Saturday, February 6, 2016
Fireside Chats #1 - Origins Of Marvel Comics!
As our saga opens the force that has become Marvel was just one more rag-tag comic book publisher on the skids and beholding to its competition to maintain even a minor toehold in the market which regularly suffered booms and busts. Martin Goodman's company had been around since almost the very beginning with hits like the Human Torch, the Sub-Mariner, and most especially Captain America. But since those halcyon war days it had been feast or famine as the company mined every genre which caught fire over several decades. Due to a disastrous deal the company was extremely limited and dependent upon National Periodicals to get any space on the shelves. Superheroes were just the next thing, alongside parody, fright, western, and war comics. Another niche that Marvel (called Timely and Atlas in earlier times) wanted to get a morsel of. And that's where this tome begins from the reflective vantage point of 1974.
If you're a fan of "Stan's Soapbox" then you'll find his writing in this book at once familiar and frustrating. Familiar in that Stan's distinctive persona shines through as he uses the pronoun "I" insatiably, and frustrating in that he shifts topics paragraph by paragraph (sometimes sentence by sentence) and constantly calls attention to the writing itself. He establish a friendly rambling gait, but not one without plenty of diversions as whatever hits his mind hits the page. I don't know how many drafts of this book there were, but the text has the feel of none at all.
After some obligatory backstory about the Golden Age Timely material and identifying the competition (he mispells "Charleton" by the way), Stan tells the now familiar yarn of how the Fantastic Four resulted from publisher Martin Goodman (Stan's uncle) noticing that DC's Justice League of America was selling above average. In hopes of capturing a bit of that wave he ordered a super-team be made. But according to Stan, he himself was growing weary of comics and so used the new book to fulfill some aspirations he had to add true drama and character to comics as was readily available in most other mediums. Stan gives us the sense that he didn't really care if it failed, since he himself was out the door anyway.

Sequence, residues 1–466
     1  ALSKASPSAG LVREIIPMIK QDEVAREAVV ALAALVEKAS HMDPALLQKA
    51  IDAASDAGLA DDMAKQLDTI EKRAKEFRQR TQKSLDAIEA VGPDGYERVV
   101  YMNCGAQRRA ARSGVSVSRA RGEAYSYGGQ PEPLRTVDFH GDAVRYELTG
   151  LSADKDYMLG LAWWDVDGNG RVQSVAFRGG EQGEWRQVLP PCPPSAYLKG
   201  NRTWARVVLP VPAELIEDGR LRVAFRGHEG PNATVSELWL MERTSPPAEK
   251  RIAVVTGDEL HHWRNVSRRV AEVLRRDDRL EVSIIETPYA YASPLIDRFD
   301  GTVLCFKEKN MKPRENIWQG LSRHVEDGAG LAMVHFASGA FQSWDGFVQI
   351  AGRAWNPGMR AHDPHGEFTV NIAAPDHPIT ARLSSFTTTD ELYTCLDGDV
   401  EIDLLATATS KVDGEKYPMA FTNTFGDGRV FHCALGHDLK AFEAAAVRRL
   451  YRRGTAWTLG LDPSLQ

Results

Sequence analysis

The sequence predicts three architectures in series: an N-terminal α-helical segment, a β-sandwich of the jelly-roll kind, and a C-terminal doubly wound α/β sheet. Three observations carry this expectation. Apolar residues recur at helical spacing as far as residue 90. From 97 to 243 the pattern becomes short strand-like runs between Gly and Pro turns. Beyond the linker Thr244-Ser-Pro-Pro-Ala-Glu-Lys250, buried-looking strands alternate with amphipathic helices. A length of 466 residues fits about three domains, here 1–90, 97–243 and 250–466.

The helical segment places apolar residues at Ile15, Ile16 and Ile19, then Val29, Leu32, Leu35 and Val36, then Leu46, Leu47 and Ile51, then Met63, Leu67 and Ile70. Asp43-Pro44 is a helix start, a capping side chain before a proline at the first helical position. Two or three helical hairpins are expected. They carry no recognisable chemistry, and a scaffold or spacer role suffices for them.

He enlists Jack Kirby, back at Marvel producing monster comics (Fin Fang Foom, Googam, etc.) and had Jack follow a synopsis to produce the first issue which debuted the Fab 4 (Mr.Fantastic, Invisible Girl, the monstrous Thing, and a revived -- kind of-- the Human Torch). The team eschewed costumes (though they'd have them by issue three) and confronted a villain -- the Mole Man-- intended to evoke some sympathy with readers.
Clearly it worked. The second offering is Fantastic Four #55 which shows us a mature team (drawn in a more mature Jack Kirby art style) confronting the "menace" of the Silver Surfer, trapped on Earth after helping to stave off the threat of Galactus. The Marvel Universe is a much richer place since the FF debuted, full of all sorts of menaces and associates for the team.
According to Stan The Incredible Hulk was launched in response to fan letters which came pouring in about the Fantastic Four. Again Jack Kirby is tapped to handle the art chores.
Stan says here that he was at a loss for a second feature until he imagined crossing Frankenstein with Dr. Jekyll and Mr. Hyde. We read about the failed attempts to color the Hulk gray but weirdly no mention is made of the fact that The Incredible Hulk was deemed a financial loser and was cancelled after six issues.
A reader unfamiliar with the more detailed history of Marvel would imagine since we get the later Hulk issue by Herb Trimpe that the feature had continued unabated for the intervening seven years. This particular issue of Hulk is a real favorite of mine, as it features a clash with Sub-Mariner, the Hulk's co-star in the Tales to Astonish run which the numbering of the comic continues. It was a homecoming of sorts for the Prince of the Deep.